Education in Cleveland is managed by the Cleveland Metropolitan School District (CMSD). They have a plan for transforming their schools which involves attracting and developing great teachers, Inspiring and sustaining great leaders, and innovating, expanding, and cultivating great schools (Clevland Metropolitan School District, 2000-2015). To attract and develop great teachers Cleveland will “… supplement its current highest performing educators with a newly recruited corps of exemplary principals and teachers to lead and teach in district and charter schools. Partnerships with external talent pipeline organizations will be coupled with rigorous development of internal talent to identify educators who can positively change the trajectory of children’s lives. (Clevland Metropolitan School District, 2000-2015).” By creating an environment that empowers and values principals as professionals and making sure that the students are held to the highest standards the Cleveland Metropolitan School District will inspire and sustain great leaders, which is their second step in their plan to transforms schools. In order to effectively innovate, expand, and cultivate great schools the CMSD will provide modern, vibrant and inspirational learning environments that prepare students for the globalization and technology required in the 21st century but also to provide them the know and skills to operate in a multicultural and multidisciplinary world (Clevland Metropolitan School District, 2000-2015).


Cleveland had a thriving industrial economy after the 1860s due to iron ore and coal deposits discovered in the 1800s and due to its strategic location along transportation routes. Due to these factors JD Rockefeller founded the Standard Oil Company here in the 1860s. Cleveland also had thriving steel production industry in the 1860s (Ohio History Connection). By 1880, 28% of the workforce was in the steel mills, however, by the third year of the great depression (1933) 1/3 of workers were laid off (Ohio History Connection). By 1978 Cleveland’s financial situation had taken a dire turn. They became the first city since The Great Depression to default on its more than 30 million dollars in loans (Ohio History Connection).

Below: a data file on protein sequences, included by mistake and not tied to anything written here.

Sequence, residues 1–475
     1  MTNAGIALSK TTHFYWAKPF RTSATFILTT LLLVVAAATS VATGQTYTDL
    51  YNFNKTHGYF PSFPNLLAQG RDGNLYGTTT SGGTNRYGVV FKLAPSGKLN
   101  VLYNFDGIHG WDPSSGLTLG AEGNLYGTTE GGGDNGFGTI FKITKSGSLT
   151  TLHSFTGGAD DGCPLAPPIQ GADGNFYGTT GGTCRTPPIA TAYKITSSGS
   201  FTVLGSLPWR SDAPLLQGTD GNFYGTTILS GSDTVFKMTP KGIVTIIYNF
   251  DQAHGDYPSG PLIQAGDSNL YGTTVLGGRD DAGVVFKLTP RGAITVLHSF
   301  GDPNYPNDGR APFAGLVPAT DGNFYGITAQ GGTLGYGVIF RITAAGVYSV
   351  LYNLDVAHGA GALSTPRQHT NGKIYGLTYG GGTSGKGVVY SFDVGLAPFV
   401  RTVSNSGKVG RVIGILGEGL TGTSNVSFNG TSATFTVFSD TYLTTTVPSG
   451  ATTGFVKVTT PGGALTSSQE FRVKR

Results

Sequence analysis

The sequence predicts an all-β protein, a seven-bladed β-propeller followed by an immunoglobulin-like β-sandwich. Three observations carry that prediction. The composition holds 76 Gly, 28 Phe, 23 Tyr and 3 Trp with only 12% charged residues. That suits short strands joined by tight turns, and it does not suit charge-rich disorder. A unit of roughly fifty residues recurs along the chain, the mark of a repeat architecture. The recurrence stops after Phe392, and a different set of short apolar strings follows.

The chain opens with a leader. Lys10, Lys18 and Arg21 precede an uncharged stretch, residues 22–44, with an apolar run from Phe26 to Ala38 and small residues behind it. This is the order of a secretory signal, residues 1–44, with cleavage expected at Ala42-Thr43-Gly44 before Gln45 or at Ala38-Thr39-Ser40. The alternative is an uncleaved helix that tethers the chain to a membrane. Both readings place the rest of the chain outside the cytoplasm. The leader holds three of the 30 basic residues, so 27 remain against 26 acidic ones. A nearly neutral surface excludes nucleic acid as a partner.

Types of Jobs

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Types of Occupations

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Household Incomes


Detroit Shoreway, EcoVillage

An EcoVillage is a community of people creating a way of life that sustains healthy ecological relationships. Due to our current living patterns we consume a vast quantity of resources and disregard the creation of waste and the tremendous ecological, social, and economic cost of the waste. The worldwide EcoVillage movement offers an alternative that strives to replace consumption and waste with preservation and regeneration. (The Detroit Shoreway Community Development Organization). This directly relates to the Cleveland 2020 plan which states, “The Connecting Cleveland 2020 Citywide plan seeks to re-create Cleveland as a city that meets the needs of the present without compromising the ability of future generations to meet their own needs. In other words, the plan seeks to create a “sustainable” Cleveland (Connecting Cleveland 2020 Citywide plan).” The plan has five goals; to create high-density, mixed use districts that promote travel by transit, amend building and zoning codes and add incentives to encourage green building, design safe routes for walking and bicycling that are accessible to all residents, reduce the use of energy and water by City owned facilities and vehicles, and finally clean contaminated brownfield sites and promote beneficial reuse (Connecting Cleveland 2020 Citywide plan). The Detroit Shoreway EcoVillage has seven focus areas to address the 2020 plan and to also further the principles of the EcoVillage, which will be further expanded on.